PowerCell of Sweden has teamed up with Siemens. They want to develop fuel cells for marine systems together. The aim is to integrate PowerCell’s fuel cells into Siemens’ existing systems for the marine segment.
Siemens had begun to electrify their BlueDrive line with batteries last year already. Yet, by signing this latest memorandum of understanding with Swedish PowerCell, Siemens is adding fuel cell drives to their marine lineup for the first time. Such a hydrogen-filled system can then power ferries, yachts and cruise ships for example.
Per Wassén, CEO of PowerCell sees “a great potential for the cooperation,” due to the marine industry increasingly trying to introduce low emission solutions. The U.N. International Maritime Organization (IMO) has called to reduce emissions by at least 50 percent by 2050 from 2008 levels reportedly.
For Siemens, the new partnership builds on their electrification of marine systems. Siemens batteries for ships with electric drives are currently being made in Norway starting this year. The move had cost Siemens 10.5 million euros (100m Norwegian Krona) but the company expects to profit from low cost for green energy from hydropower. Two all electric ships, the Future of the Fjords and Boreal’s electric ferry, are currently on the docks awaiting their launch into Norwegian waters upon completion. The first ever electric ferry in Norway however, had already been built with Siemens technology back in 2015 (we reported). Their BlueDrive technology also powers the salmon farming electric vessel Elfrida in Norway since 2015.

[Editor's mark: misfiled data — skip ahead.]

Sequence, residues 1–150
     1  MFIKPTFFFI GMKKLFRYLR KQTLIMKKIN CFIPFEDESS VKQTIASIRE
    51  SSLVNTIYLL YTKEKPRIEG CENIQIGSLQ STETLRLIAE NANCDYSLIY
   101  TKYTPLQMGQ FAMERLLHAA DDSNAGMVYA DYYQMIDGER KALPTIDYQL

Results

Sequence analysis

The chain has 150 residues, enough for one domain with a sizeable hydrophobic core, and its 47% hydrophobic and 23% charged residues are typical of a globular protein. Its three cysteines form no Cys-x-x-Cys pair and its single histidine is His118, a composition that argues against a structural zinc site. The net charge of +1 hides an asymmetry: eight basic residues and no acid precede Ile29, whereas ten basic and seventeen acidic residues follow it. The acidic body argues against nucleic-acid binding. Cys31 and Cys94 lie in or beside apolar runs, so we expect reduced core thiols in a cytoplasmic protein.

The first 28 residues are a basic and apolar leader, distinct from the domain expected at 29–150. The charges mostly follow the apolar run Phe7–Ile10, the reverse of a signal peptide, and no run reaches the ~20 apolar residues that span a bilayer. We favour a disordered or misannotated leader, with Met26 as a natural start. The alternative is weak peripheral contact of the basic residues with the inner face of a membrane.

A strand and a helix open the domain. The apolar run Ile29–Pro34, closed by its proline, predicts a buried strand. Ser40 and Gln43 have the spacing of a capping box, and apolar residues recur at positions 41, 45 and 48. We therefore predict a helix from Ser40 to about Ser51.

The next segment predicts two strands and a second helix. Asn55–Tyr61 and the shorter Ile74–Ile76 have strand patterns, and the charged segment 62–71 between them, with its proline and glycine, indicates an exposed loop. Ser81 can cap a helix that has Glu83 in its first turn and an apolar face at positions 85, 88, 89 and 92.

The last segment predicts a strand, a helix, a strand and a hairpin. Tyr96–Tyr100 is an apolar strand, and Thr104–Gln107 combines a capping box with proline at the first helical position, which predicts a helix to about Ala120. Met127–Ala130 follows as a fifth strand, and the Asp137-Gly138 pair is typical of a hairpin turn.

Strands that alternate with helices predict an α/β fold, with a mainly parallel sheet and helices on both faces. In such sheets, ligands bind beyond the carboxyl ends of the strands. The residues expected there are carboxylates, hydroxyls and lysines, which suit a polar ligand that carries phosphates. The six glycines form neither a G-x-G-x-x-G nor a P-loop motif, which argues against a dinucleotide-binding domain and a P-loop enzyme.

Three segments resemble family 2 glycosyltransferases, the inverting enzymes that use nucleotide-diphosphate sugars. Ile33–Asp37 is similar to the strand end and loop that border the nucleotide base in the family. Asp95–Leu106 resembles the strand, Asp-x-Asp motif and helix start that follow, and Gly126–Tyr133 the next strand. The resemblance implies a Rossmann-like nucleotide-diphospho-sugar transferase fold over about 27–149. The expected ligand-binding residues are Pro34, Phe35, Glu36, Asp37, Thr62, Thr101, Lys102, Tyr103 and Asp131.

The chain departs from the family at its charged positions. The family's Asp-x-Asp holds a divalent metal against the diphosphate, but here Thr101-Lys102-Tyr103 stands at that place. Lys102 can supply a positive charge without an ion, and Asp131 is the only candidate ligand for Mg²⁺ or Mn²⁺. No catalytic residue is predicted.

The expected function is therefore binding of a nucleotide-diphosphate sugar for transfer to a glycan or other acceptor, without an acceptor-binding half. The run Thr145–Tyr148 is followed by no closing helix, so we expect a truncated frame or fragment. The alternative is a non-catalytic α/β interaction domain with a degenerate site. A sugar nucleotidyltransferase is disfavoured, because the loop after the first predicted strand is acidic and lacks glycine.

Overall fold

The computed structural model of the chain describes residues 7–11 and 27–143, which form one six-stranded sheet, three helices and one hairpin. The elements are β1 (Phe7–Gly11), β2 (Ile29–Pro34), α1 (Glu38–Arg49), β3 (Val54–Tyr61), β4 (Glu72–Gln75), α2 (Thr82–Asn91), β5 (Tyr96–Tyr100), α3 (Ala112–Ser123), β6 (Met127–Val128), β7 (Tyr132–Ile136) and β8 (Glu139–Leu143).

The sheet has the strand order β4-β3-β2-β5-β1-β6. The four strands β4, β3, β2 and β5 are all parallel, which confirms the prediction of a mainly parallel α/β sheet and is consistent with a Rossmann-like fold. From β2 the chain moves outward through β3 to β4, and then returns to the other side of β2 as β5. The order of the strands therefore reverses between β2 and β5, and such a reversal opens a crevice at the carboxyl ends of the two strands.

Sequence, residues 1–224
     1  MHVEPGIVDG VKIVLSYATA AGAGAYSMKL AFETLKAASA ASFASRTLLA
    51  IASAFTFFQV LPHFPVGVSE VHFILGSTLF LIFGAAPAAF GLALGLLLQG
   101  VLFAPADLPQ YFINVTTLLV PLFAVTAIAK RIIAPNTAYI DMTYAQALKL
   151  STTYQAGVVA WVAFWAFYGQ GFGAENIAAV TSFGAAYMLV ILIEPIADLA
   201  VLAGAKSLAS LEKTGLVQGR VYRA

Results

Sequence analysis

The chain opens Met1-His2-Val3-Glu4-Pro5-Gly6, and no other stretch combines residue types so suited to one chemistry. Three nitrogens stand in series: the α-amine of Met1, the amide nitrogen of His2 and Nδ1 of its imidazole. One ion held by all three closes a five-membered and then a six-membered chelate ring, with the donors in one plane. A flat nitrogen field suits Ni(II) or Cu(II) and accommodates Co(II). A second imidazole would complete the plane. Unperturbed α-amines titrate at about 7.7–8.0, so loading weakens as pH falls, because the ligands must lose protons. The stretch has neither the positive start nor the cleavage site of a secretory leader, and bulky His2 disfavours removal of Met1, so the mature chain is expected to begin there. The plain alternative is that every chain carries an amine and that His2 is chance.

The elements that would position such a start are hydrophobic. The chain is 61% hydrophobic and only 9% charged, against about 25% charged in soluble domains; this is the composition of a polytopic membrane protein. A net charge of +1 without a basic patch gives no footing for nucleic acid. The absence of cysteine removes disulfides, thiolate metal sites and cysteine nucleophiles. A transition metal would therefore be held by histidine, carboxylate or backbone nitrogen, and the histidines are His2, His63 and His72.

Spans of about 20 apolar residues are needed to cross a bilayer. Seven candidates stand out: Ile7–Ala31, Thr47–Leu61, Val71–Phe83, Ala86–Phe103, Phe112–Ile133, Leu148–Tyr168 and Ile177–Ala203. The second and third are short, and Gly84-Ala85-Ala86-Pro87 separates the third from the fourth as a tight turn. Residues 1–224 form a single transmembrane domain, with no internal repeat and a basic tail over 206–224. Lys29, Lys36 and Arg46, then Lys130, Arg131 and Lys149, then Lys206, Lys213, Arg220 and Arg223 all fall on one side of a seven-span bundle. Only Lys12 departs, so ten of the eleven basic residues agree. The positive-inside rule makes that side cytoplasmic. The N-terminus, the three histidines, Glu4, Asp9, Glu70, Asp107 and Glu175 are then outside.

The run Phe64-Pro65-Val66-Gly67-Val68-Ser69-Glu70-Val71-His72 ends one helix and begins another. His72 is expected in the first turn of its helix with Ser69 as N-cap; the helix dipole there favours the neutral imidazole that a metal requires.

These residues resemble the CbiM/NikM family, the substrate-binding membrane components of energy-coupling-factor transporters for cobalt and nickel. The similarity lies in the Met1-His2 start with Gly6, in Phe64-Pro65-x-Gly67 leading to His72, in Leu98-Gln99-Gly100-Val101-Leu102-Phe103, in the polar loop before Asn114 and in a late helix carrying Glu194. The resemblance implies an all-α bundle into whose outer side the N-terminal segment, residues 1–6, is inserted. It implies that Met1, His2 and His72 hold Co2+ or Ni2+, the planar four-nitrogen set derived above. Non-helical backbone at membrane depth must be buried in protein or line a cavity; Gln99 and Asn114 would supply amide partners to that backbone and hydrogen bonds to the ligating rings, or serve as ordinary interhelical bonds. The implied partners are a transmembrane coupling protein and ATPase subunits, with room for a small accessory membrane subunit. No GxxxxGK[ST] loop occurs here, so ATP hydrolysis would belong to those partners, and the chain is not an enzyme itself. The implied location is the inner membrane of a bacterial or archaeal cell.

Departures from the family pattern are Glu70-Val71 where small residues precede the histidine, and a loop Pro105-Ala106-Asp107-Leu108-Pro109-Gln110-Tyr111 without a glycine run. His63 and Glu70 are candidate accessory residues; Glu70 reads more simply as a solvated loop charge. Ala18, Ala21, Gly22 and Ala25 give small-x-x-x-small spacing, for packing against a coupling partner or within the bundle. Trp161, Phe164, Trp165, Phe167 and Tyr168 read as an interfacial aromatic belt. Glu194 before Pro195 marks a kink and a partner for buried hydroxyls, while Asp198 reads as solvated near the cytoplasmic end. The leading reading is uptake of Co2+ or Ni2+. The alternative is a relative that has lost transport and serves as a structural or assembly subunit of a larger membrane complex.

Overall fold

In terms of fuel cell drives for ships, Siemens and PowerCell are not the only ones that have jumped on board. ABB and Ballard recently agreed to develop a system to power ships with fuel cells as well. Their system for hydrogen-powered ships aims to generate 3MW or 4,000 hp and fit within a single module no bigger than a conventional boat motor.